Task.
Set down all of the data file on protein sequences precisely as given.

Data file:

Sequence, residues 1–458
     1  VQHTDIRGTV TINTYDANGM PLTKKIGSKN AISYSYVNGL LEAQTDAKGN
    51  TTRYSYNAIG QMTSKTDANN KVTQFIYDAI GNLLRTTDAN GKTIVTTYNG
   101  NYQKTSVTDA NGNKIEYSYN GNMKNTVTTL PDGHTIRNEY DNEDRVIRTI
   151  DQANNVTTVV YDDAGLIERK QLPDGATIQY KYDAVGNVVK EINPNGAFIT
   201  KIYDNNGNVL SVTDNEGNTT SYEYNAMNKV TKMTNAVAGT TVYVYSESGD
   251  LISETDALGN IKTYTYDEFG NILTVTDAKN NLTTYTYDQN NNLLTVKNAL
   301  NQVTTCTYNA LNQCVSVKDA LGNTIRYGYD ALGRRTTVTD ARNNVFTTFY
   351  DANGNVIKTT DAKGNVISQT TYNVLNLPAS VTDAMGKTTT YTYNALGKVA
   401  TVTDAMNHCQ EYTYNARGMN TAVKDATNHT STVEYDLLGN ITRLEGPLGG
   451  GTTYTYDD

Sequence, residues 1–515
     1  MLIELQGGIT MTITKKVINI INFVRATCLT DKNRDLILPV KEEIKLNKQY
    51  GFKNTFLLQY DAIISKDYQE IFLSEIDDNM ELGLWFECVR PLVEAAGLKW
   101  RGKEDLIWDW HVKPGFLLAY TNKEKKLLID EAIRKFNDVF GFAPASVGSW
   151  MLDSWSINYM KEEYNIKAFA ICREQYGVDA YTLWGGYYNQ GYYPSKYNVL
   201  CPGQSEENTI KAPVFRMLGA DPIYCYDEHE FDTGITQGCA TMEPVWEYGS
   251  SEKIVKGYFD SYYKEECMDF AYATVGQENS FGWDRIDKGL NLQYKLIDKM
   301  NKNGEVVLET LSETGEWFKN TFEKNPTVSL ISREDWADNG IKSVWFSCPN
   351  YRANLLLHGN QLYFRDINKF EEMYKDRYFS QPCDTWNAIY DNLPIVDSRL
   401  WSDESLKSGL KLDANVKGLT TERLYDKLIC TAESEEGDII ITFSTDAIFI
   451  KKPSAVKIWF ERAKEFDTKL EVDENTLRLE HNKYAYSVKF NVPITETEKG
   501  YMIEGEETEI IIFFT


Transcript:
Sequence, residues 1–458
     1  VQHTDIRGTV TINTYDANGM PLTKKIGSKN AISYSYVNGL LEAQTDAKGN
    51  TTRYSYNAIG QMTSKTDANN KVTQFIYDAI GNLLRTTDAN GKTIVTTYNG
   101  NYQKTSVTDA NGNKIEYSYN GNMKNTVTTL PDGHTIRNEY DNEDRVIRTI
   151  DQANNVTTVV YDDAGLIERK QLPDGATIQY KYDAVGNVVK EINPNGAFIT
   201  KIYDNNGNVL SVTDNEGNTT SYEYNAMNKV TKMTNAVAGT TVYVYSESGD
   251  LISETDALGN IKTYTYDEFG NILTVTDAKN NLTTYTYDQN NNLLTVKNAL
   301  NQVTTCTYNA LNQCVSVKDA LGNTIRYGYD ALGRRTTVTD ARNNVFTTFY
   351  DANGNVIKTT DAKGNVISQT TYNVLNLPAS VTDAMGKTTT YTYNALGKVA
   401  TVTDAMNHCQ EYTYNARGMN TAVKDATNHT STVEYDLLGN ITRLEGPLGG
   451  GTTYTYDD

Sequence, residues 1–515
     1  MLIELQGGIT MTITKKVINI INFVRATCLT DKNRDLILPV KEEIKLNKQY
    51  GFKNTFLLQY DAIISKDYQE IFLSEIDDNM ELGLWFECVR PLVEAAGLKW
   101  RGKEDLIWDW HVKPGFLLAY TNKEKKLLID EAIRKFNDVF GFAPASVGSW
   151  MLDSWSINYM KEEYNIKAFA ICREQYGVDA YTLWGGYYNQ GYYPSKYNVL
   201  CPGQSEENTI KAPVFRMLGA DPIYCYDEHE FDTGITQGCA TMEPVWEYGS
   251  SEKIVKGYFD SYYKEECMDF AYATVGQENS FGWDRIDKGL NLQYKLIDKM
   301  NKNGEVVLET LSETGEWFKN TFEKNPTVSL ISREDWADNG IKSVWFSCPN
   351  YRANLLLHGN QLYFRDINKF EEMYKDRYFS QPCDTWNAIY DNLPIVDSRL
   401  WSDESLKSGL KLDANVKGLT TERLYDKLIC TAESEEGDII ITFSTDAIFI
   451  KKPSAVKIWF ERAKEFDTKL EVDENTLRLE HNKYAYSVKF NVPITETEKG
   501  YMIEGEETEI IIFFT